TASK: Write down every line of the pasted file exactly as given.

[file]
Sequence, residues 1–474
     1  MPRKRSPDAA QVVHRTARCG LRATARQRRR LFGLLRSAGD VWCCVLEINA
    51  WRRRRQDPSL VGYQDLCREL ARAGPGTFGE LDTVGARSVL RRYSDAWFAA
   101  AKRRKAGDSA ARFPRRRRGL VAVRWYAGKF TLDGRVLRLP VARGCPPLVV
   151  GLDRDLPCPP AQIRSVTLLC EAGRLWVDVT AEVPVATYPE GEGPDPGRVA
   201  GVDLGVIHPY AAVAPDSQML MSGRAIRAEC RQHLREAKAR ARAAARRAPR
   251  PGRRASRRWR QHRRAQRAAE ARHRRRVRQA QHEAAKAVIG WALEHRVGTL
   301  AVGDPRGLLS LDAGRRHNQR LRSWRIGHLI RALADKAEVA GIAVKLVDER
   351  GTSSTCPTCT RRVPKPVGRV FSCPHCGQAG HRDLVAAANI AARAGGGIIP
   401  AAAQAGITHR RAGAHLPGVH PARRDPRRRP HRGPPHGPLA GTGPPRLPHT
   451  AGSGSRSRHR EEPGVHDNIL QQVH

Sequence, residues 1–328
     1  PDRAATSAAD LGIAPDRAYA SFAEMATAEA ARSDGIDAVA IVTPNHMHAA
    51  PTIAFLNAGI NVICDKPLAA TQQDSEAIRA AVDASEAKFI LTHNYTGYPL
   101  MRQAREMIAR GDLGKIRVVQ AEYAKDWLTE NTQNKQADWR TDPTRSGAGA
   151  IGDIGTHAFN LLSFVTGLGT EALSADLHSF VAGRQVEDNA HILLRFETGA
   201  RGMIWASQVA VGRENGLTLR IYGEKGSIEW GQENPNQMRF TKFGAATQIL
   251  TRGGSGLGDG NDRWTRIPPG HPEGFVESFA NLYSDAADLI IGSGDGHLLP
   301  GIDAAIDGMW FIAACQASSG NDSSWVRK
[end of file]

Sequence, residues 1–474
     1  MPRKRSPDAA QVVHRTARCG LRATARQRRR LFGLLRSAGD VWCCVLEINA
    51  WRRRRQDPSL VGYQDLCREL ARAGPGTFGE LDTVGARSVL RRYSDAWFAA
   101  AKRRKAGDSA ARFPRRRRGL VAVRWYAGKF TLDGRVLRLP VARGCPPLVV
   151  GLDRDLPCPP AQIRSVTLLC EAGRLWVDVT AEVPVATYPE GEGPDPGRVA
   201  GVDLGVIHPY AAVAPDSQML MSGRAIRAEC RQHLREAKAR ARAAARRAPR
   251  PGRRASRRWR QHRRAQRAAE ARHRRRVRQA QHEAAKAVIG WALEHRVGTL
   301  AVGDPRGLLS LDAGRRHNQR LRSWRIGHLI RALADKAEVA GIAVKLVDER
   351  GTSSTCPTCT RRVPKPVGRV FSCPHCGQAG HRDLVAAANI AARAGGGIIP
   401  AAAQAGITHR RAGAHLPGVH PARRDPRRRP HRGPPHGPLA GTGPPRLPHT
   451  AGSGSRSRHR EEPGVHDNIL QQVH

Sequence, residues 1–328
     1  PDRAATSAAD LGIAPDRAYA SFAEMATAEA ARSDGIDAVA IVTPNHMHAA
    51  PTIAFLNAGI NVICDKPLAA TQQDSEAIRA AVDASEAKFI LTHNYTGYPL
   101  MRQAREMIAR GDLGKIRVVQ AEYAKDWLTE NTQNKQADWR TDPTRSGAGA
   151  IGDIGTHAFN LLSFVTGLGT EALSADLHSF VAGRQVEDNA HILLRFETGA
   201  RGMIWASQVA VGRENGLTLR IYGEKGSIEW GQENPNQMRF TKFGAATQIL
   251  TRGGSGLGDG NDRWTRIPPG HPEGFVESFA NLYSDAADLI IGSGDGHLLP
   301  GIDAAIDGMW FIAACQASSG NDSSWVRK